I’m an independent voter, but I’m a dependent thinker, meaning that I try to influence my thinking by the truth of God’s Word more than any other source. I’m dependent on God to see and think clearly.
Now, that’s not to say that I don’t take part in political opinions and insights from sources other than God’s Word. In fact, most of the sources that I can find aren’t Christian, which is why, if I can repeat myself, I try so hard to balance it all with the Bible and Christian reading.
You see, I’m trying very hard to not live in the Christian bubble.
The bubble? Come on, you remember the bubble! Well, if it helps, think back to when everyone in your youth group was wearing WWJD bracelets, Christian parody t-shirts, and rocking out to DC Talk, Audio Adrenaline, or Superchic[k] – that reference is for my wife! This was the bubble: a sanitized, filter version of culture made safe for Christians.
I grew up in the bubble, but then I out grew it. I began to think, to ask questions, and to even question the need for the bubble.
That’s why it’s vital to inform ones worldview with a variety of sources and viewpoints. Failure to do so can leave an individual with some very serious blind-spots in various areas of his or her life, intellectual, spiritual, experiential, etc. Essentially, you can build your own bubble where everything you take in confirms what you already believe/know.
So, for example, last year, I read two books about Benedictine monks. Why? Because I was raised Pentecostal and know nothing about Catholicism, know nothing about monasticism, and honestly, know nothing, experimentally, outside of my own upbringing. I knew that I needed to, as the old-timers would say, “broaden my horizons.”
This is why, as a public school teacher, I’m always encouraging my students to read old books. New books are great, but new books are being written by authors that are generally within the same generation or two. To really grow through reading, one should occasionally read books written by authors that are one or two generations removed.
Beyond books, the more common creator of bubbles was television. There’s a reason I refer to many of the people in my area as ‘Fox News Republicans.’ It’s because they are the kind of Republicans who only know – and only care to know – what is presented on Fox News. Trying to present them with any information not approved of or presented by Bill O’Reilly or Sean Hannity will result in push-back so prompt and thoughtless that you’ll actually be able to see their knees jerk.
They’re in a bubble.
Of course, if books and television can construct bubbles, I’m obviously not reporting on a brand new trend. I am, however, hoping to point out how this trend is going to increase exponentially and, at the same time, become almost entirely invisible. How? Social Media. The bubble is now viral.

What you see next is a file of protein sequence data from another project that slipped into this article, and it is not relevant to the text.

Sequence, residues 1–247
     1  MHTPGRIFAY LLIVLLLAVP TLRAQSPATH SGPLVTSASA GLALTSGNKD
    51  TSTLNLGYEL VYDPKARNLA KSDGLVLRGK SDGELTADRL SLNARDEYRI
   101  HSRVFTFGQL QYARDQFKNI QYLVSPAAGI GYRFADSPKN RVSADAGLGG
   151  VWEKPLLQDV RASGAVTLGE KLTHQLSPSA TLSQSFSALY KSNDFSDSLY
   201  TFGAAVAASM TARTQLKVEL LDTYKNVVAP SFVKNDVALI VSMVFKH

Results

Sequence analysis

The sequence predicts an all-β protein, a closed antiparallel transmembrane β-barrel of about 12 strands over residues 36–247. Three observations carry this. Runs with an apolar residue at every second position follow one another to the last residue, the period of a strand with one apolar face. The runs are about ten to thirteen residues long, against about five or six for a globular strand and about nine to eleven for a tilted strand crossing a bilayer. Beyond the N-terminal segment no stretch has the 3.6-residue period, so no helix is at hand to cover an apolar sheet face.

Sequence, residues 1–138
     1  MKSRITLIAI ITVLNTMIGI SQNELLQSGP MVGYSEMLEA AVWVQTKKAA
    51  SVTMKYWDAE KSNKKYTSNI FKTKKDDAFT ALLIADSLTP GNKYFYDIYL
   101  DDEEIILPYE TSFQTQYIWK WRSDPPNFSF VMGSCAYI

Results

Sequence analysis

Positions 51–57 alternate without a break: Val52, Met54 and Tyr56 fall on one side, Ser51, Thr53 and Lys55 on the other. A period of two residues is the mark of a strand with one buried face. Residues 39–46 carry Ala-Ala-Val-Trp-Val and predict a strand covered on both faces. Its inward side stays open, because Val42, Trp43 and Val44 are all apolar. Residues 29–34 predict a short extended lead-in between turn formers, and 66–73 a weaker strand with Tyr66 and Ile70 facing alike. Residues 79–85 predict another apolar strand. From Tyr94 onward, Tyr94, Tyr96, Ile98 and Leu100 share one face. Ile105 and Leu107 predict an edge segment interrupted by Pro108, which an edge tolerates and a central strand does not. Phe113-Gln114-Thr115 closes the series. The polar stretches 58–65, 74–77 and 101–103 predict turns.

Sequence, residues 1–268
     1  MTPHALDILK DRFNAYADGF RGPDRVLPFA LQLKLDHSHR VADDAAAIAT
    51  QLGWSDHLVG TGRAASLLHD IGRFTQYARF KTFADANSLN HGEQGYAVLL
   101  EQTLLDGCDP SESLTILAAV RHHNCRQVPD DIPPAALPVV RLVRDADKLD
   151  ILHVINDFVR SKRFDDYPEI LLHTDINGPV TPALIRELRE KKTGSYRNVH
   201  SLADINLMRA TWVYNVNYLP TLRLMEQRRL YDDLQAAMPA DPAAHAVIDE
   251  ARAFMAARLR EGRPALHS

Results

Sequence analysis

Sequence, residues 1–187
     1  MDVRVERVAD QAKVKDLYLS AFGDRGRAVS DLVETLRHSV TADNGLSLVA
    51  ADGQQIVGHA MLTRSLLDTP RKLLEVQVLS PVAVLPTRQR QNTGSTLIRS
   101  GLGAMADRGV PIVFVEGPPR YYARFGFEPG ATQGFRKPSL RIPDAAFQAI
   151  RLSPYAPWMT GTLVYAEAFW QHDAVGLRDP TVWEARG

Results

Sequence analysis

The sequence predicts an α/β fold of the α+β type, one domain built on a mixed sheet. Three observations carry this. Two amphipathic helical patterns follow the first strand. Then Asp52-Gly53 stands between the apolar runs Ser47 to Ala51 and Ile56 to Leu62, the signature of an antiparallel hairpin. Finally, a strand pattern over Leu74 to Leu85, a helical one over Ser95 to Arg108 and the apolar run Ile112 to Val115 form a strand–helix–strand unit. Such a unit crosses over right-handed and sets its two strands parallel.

The Facebook Bubble
Facebook announced just a few weeks ago that they’re restructuring their algorithm that controls what you see in your Facebook feed. They’ll be giving priority to your friends and family, which is good because that’s who you care about most. (Call your Aunt Virginia. She misses you.) However, if your friends and family all share your opinions on politics, you’re going to quickly find yourself in a bubble.
I take that back. You won’t “find” yourself because you likely won’t even realize it. The worse part, however, is that the blindness is only the first part. After a while, you become dependent on the bubble. Any opinions or teachings from the outside terrify you. You only listen to those who can’t/won’t challenge you, meaning that you always feel like you thoughts/beliefs/version of reality is correct. This sad state of being is what Paul warned Timothy about:
“For the time will come when people will not put up with sound doctrine. Instead, to suit their own desires, they will gather around them a great number of teachers to say what their itching ears want to hear.” 2 Timothy 4:3 NIV
This whole issue couldn’t have been made more evident to me than in watching people interact online over the election. The bias is so deep on both sides that they can’t even communicate.
The bubble is real, my friends. And if we’re not careful, this election will come and go, and we’ll all be shocked by the results. Why? Because we’re so isolated and removed from what’s going on in the rest of the US/world that we can’t see the forest for the walls of our bubble.
Burst the Bubble
Let me wind this post down to a quick and dangerous point: Are you allowing yourself to be swallowed up by the bubble? Are you becoming depended on easy agreements and a shallow sense of unity? Then you must act quickly: seek out new sources of information. Balance your thought life. Investigate new opinions. Bring it all into subjection before Christ, and let His Word illuminate the truth from the trash. Put a spiritual and intellectual pin in your bubble.
To help you in this process, here are few sources of information that have aided me and others in trying to find political balance. (For help in other areas, feel free to email me. I’ve read a ton of books and would love to offer you a book that presents a counter-perspective to what your used to.)
I just recently read these books and found things I both loved and disliked about both, but they provide a truly Christian perspective, even if it’s one that I don’t particularly agree with 100%.
These two non-Christian podcasts have been incredibly helpful in 1) keeping me informed of current and past political trends and 2) helping me to see behind the politics to the philosophy of policy.
And, if you really want a bunch more, I have a whole resources page over at my podcast’s website.